Johan Santana throws four innings in extended spring training

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Johan Santana’s comeback with the Orioles continues chugging along, as the rehabbing left-hander tossed four innings in an extended spring training game Thursday.

Orioles manager Buck Showalter declined to tell Brittany Ghiroli of MLB.com exactly how fast Santana was throwing after previous reports had him in the high-80s last week, but he did say that the two-time Cy Young winner “threw the ball well” and the velocity was the “highest he’s been.”

According to Ghiroli he’ll likely make one more extended spring training appearance and then begin a minor-league rehab assignment, which would start a 30-day clock on his ETA in Baltimore (barring a setback). Santana hasn’t pitched in the majors since August of 2012, so he’s hardly assured of making an impact for the Orioles, but he could be an option as a starter or a reliever.

Sandy Koufax to be honored with statue at Dodger Stadium

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Bill Shaikin of the Los Angeles Times reports that Hall of Fame pitcher Sandy Koufax will be honored with a statue at Dodger Stadium, expected to be unveiled in 2020. Dodger Stadium will be undergoing major renovations, expected to cost around $100 million, after the season. Koufax’s statue will go in a new entertainment plaza beyond center field. The current statue of Jackie Robinson will be moved into the same area.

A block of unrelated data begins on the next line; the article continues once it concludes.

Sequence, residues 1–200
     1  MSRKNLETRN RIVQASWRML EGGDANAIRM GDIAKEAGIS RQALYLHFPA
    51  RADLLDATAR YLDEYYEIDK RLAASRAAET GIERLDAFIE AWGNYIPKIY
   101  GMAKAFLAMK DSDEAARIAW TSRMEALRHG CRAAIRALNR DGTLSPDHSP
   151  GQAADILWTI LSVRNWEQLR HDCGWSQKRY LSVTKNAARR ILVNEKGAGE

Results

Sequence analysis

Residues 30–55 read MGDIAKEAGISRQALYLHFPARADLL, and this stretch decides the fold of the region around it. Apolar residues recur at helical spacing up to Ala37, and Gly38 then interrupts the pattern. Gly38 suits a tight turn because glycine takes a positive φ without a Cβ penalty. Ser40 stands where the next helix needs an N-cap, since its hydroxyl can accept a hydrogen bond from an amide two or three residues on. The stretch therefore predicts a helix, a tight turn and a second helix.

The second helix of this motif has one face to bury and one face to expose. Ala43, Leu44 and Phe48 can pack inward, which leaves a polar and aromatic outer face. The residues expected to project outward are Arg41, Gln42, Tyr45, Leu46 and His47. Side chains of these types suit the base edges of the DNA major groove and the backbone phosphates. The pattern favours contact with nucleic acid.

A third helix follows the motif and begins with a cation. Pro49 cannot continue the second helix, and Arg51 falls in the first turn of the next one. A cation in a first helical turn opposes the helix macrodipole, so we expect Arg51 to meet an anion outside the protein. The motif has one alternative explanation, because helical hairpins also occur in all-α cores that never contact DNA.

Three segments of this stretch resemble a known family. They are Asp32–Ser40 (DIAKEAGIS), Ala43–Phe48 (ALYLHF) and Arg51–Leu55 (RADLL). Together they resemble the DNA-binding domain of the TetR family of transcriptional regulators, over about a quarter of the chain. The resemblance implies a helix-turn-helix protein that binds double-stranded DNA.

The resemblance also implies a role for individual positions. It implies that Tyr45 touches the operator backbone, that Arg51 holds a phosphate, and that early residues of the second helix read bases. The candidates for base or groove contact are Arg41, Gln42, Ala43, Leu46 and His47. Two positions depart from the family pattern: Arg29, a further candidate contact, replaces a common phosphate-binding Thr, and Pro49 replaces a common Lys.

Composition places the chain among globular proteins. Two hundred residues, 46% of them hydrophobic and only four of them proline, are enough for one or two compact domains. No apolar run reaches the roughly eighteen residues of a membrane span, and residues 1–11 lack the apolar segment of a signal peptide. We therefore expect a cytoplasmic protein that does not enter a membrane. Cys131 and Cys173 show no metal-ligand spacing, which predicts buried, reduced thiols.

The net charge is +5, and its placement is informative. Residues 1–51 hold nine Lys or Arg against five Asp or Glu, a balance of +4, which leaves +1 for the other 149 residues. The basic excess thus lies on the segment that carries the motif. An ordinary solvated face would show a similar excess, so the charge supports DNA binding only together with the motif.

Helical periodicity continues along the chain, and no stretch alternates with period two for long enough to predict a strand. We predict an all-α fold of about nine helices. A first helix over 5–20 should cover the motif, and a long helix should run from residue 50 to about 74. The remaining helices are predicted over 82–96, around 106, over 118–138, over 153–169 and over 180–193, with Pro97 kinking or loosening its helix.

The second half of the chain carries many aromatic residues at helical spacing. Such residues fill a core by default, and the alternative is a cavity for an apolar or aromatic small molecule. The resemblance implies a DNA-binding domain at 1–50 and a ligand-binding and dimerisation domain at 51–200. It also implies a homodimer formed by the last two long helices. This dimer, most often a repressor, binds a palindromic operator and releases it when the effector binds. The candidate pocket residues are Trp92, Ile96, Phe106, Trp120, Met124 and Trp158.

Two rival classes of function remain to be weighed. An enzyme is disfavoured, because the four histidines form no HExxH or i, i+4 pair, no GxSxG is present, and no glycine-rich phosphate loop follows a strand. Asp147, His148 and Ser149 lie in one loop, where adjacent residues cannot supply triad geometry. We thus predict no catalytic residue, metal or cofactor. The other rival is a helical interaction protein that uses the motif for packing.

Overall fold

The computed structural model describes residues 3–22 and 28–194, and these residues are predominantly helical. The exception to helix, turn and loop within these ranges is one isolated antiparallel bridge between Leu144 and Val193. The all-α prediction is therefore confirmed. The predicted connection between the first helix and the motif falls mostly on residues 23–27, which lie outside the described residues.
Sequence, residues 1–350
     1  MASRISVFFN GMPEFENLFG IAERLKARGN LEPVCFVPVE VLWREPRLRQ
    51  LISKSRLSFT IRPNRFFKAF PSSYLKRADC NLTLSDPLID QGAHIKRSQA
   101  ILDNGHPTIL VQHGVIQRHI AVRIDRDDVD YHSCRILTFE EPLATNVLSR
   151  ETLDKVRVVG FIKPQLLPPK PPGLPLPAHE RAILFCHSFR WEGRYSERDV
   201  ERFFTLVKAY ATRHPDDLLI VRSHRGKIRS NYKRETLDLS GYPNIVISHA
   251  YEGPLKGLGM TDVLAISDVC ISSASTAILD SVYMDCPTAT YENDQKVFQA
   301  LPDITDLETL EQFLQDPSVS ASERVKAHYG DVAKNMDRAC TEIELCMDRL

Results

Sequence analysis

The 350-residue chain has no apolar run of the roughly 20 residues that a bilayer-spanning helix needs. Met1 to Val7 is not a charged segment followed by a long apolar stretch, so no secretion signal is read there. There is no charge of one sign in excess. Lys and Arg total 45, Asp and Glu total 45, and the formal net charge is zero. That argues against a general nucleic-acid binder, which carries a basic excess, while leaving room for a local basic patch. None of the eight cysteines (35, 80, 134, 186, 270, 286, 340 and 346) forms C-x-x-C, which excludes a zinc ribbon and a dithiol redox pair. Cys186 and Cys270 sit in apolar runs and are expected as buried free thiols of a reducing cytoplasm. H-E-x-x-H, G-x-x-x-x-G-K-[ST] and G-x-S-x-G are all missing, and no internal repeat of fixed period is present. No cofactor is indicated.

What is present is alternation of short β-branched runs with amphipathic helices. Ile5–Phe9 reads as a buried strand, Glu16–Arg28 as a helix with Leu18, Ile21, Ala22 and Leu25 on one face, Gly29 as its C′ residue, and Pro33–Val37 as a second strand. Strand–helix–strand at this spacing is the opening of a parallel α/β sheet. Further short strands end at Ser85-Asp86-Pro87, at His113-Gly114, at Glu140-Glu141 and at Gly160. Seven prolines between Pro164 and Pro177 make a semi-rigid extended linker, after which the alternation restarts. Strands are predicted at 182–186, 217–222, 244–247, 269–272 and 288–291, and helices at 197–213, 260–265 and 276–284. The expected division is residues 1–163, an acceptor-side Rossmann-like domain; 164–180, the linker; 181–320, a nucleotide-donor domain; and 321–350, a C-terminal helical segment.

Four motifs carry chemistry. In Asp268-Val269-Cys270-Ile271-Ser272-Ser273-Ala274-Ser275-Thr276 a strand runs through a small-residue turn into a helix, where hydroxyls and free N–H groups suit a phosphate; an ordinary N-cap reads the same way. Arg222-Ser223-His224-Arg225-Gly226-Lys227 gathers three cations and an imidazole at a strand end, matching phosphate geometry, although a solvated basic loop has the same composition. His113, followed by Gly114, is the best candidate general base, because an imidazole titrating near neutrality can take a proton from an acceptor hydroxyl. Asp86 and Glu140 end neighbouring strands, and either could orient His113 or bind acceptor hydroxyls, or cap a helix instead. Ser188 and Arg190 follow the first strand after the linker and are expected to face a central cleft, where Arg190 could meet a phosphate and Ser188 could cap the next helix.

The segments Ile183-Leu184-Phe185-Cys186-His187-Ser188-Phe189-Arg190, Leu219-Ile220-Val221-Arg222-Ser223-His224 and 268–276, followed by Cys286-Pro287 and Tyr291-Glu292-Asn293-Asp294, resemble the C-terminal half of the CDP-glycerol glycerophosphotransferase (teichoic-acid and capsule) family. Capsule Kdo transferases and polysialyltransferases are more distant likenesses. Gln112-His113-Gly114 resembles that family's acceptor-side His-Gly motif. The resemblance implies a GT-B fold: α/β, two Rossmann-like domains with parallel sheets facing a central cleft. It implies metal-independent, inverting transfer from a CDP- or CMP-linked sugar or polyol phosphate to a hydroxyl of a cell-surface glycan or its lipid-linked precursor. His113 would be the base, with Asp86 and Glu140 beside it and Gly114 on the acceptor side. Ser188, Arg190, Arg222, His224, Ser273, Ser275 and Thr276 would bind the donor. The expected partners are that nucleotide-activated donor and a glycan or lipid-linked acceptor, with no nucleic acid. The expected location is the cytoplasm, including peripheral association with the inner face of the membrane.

Koufax, 83, had a relatively brief career, pitching parts of 12 seasons in the majors, but they were incredible. He was a seven-time All-Star who won the National League Cy Young Award three times (1963, ’65-66) and the NL Most Valuable Player Award once (’63). He contributed greatly to the ’63 and ’65 championship teams and authored four no-hitters, including a perfect game in ’65.

Koufax was also influential in other ways. As Shaikin notes, Koufax refused to pitch Game 1 of the 1965 World Series to observe Yom Kippur. It was an act that would attract national attention and turn Koufax into an American Jewish icon.

Ahead of the 1966 season, Koufax and Don Drysdale banded together to negotiate against the Dodgers, who were trying to pit the pitchers against each other. They sat out spring training, deciding to use their newfound free time to sign  on to the movie Warning Shot. Several weeks later, the Dodgers relented, agreeing to pay Koufax $125,000 and Drysdale $110,000, which was then a lot of money for a baseball player. It would be just a few years later that Curt Flood would challenge the reserve clause. Koufax, Drysdale, and Flood helped the MLB Players Association, founded in 1966, gain traction under the leadership of Marvin Miller.